"We found that for color details, anesthetized kids scored 20 percent less correct answers than unanesthetized kids," Stratmann says, even though the two groups of kids did not differ in intelligence or behavior. And in the spatial-recognition task, anesthetized kids scored 21 percent lower than kids who didn't undergo anesthesia at all.
the recollection impairment was stronger in rats
The researchers also examined what effect anesthesia has on odor recollection in rats. As with the human study, one group of rats had been anesthetized and the other had not, but to ensure that the experiment also accounted for any variables that a surgery might introduce, half of the anesthetized rats also underwent "tail clamping" — a procedure that Stratmann says is "at least as severe as surgical tissue injury." Regardless of the tissue injury, however, the overall effect of the anesthesia was similar to the one recorded in human infants: "anesthetized rats had less recollection than unanesthetized rats," Stratmann says. But the effect was far stronger in the rat experiment, as half of all anesthetized rats had zero recollection, whereas only two out of 17 rats in the control group had problems remembering odors.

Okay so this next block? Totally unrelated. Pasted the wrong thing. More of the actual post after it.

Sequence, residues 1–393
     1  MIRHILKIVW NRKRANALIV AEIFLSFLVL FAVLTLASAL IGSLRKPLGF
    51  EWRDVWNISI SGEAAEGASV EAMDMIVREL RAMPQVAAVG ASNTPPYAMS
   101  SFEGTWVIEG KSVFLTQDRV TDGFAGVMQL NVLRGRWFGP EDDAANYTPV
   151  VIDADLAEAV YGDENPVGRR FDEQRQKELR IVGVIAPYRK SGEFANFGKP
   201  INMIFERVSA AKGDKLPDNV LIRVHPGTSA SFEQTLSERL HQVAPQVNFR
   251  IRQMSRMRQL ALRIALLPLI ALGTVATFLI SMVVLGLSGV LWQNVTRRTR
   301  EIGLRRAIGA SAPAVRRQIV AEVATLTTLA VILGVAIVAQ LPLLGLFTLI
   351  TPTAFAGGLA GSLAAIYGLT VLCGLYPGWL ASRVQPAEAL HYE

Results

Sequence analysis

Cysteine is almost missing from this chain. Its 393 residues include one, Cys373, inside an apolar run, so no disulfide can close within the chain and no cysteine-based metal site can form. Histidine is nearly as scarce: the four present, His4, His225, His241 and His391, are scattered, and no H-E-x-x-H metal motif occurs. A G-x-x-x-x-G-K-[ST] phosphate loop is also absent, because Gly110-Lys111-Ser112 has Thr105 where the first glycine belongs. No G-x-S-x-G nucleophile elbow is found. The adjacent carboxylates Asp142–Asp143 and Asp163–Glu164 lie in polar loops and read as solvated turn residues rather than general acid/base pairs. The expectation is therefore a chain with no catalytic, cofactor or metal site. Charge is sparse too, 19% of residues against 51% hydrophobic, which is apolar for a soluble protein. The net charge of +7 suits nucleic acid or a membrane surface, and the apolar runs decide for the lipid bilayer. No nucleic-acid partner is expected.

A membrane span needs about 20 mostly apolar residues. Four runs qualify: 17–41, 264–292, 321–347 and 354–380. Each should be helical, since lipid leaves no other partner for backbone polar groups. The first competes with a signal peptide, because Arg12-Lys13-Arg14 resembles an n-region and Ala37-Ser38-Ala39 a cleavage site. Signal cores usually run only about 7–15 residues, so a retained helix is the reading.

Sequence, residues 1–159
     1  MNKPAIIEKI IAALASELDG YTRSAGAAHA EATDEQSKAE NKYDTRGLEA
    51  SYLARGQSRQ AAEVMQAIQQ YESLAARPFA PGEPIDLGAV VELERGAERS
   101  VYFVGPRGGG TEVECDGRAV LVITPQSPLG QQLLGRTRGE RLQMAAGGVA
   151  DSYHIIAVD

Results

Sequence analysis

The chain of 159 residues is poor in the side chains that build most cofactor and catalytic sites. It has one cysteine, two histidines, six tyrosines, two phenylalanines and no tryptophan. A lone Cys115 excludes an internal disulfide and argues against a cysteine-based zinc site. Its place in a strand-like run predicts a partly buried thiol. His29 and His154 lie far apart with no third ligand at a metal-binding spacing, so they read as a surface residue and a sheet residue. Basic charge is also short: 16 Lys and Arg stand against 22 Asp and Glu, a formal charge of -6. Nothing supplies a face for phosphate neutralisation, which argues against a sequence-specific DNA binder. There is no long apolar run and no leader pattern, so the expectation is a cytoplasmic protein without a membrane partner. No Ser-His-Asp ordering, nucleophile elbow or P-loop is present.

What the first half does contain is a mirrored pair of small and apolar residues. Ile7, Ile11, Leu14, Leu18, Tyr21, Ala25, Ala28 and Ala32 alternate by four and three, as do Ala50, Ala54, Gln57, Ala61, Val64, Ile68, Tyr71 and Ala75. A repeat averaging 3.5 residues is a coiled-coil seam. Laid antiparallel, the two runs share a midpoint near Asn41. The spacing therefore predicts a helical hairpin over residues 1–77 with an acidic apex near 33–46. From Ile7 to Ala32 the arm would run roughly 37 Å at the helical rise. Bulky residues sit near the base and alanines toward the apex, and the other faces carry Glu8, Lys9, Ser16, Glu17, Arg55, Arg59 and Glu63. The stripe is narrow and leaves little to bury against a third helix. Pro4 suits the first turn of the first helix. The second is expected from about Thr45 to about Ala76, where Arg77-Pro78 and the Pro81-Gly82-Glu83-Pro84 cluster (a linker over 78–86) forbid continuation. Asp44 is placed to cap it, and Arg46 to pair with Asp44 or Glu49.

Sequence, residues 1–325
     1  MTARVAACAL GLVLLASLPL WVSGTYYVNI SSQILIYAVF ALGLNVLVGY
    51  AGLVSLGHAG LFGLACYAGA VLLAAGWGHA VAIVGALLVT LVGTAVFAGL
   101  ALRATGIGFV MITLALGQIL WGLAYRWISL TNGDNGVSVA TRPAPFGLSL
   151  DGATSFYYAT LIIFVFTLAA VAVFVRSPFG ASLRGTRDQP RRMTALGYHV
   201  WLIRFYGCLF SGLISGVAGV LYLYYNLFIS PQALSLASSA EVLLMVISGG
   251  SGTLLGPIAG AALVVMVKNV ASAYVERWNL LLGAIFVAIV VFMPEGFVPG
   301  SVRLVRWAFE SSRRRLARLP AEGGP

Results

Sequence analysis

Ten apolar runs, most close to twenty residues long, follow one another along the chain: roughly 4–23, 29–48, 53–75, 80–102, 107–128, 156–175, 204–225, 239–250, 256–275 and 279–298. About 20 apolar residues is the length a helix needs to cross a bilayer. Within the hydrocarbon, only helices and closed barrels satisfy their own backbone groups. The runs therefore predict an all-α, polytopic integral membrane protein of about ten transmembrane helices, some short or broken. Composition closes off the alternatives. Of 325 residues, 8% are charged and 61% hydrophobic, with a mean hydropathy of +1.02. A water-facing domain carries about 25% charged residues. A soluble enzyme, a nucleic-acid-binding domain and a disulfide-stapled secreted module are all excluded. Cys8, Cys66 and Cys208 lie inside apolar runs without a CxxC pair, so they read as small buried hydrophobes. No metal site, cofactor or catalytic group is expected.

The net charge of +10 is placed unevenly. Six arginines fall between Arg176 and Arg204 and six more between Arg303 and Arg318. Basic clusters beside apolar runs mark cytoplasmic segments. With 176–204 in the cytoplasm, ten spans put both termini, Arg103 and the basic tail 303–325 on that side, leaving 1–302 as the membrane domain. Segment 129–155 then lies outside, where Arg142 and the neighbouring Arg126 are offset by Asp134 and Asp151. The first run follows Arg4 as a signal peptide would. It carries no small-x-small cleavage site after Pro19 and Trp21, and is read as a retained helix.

When combined, the rat and the human experiments suggest that "general anesthesia in infancy impairs recollection later in life," the researchers write in the study. And in rats, "this effect is independent of underlying disease or tissue injury."
unmeasured differences may have also played a role
Caleb Ing, an anesthesiologist at Columbia University who was not involved in the study, said in an email to The Verge that the study's findings are valuable. "This builds on other work showing that children exposed to surgery and anesthesia at an early age may have an increased risk of specific cognitive deficit compared to children who were unexposed." But even though Stratmann's team tried to account for numerous other variables, such as family income and age, it's possible that unmeasured differences between the groups contributed to the effect, he said. Parents should therefore make sure that they "speak to their physicians before canceling or postponing surgical procedures."